With the debut of the .NET, the Visual C++ team was forced to deal with three different programming models: native, managed, and mixed. This is not a situation faced by either the VB or C# teams...nor did we have to deal with this up to and including VC6. To advance the product on all of these fronts we had to make some tough feature decisions. You correctly pointed out that we focused the last several versions on trying to provide a good .NET experience for C++ developers. Since this was "the new thing" it made sense to skew this way. But due to the inherent differences between the design of the CLR and the design of the C++ language...this has been difficult work. As a result, we haven't been able to advance the product (esp around native code) as much as we would have liked to. This is not to say that there were no native code enhancements. In the past few versions we have added a variety of IDE productivity enhancements, Whole Program Optimization, Profile Guided Optimization, /GS to guard against stack buffer overflow, SafeCRT, native 64-bit targeting, etc. That said, we recognize that more work on native code development must be done. Your posts to the chat further confirm that this is something we need to address. Native code is still vitally important to Microsoft and in future versions we do plan to advance the state of the art.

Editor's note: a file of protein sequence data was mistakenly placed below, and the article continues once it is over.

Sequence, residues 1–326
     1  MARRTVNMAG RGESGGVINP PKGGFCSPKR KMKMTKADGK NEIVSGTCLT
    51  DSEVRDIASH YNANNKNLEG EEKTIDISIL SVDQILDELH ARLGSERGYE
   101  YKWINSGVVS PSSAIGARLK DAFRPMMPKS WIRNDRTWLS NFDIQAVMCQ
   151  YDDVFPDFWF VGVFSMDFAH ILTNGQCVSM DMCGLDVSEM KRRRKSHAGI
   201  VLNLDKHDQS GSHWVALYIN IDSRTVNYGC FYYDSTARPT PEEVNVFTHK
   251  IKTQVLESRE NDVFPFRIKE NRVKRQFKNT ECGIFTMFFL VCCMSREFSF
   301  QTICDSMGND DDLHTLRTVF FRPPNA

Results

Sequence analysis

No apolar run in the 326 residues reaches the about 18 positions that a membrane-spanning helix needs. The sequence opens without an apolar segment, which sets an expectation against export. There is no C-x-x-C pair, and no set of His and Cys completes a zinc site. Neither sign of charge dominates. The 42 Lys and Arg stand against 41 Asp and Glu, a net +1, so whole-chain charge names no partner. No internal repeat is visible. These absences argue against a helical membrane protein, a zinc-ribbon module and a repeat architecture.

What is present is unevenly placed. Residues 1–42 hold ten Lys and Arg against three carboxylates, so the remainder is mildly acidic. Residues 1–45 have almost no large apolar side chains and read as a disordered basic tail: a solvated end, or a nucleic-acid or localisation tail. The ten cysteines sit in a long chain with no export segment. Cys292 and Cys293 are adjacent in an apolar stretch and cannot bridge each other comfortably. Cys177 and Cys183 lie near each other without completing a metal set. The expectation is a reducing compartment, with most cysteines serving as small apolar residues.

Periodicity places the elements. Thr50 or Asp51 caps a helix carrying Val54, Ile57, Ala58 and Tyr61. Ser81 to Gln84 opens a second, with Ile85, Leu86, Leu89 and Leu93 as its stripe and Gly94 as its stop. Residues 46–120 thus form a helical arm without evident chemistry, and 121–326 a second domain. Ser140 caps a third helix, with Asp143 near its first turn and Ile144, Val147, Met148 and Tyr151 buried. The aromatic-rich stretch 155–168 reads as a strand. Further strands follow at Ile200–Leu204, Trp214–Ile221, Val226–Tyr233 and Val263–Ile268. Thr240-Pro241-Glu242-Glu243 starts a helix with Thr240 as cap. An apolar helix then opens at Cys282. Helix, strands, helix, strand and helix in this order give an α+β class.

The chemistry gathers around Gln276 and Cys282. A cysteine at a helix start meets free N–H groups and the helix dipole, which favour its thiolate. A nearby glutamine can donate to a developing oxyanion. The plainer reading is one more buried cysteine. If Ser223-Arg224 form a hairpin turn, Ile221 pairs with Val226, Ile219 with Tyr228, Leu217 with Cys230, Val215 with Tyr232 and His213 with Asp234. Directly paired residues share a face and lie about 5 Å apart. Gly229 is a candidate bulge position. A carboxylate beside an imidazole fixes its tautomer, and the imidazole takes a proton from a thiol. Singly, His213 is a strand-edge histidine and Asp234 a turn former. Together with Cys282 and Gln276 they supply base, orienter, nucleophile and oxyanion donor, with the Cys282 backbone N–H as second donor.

As to your question about "achieving the same results" with native C++ as you can with .NET...this distills down to a productivity issue. .NET development involves a tacit trade-off of run time control for developer productivity. So while you gain productivity you must also deal with the limitations enforced by the CLR. With native C++, on the other hand, you have the complete power and performance of the platform (HW and SW) at your command. The trade-off with native is that developers must deal with greater design-time complexity. The bottom line is that .NET development will always be faster than writing native code. Yes...we need to do more to make native C++ development better, faster and cheaper. We hear you. But it is not likely that you'll ever get the same programming productivity benefits in native as you get with .NET development.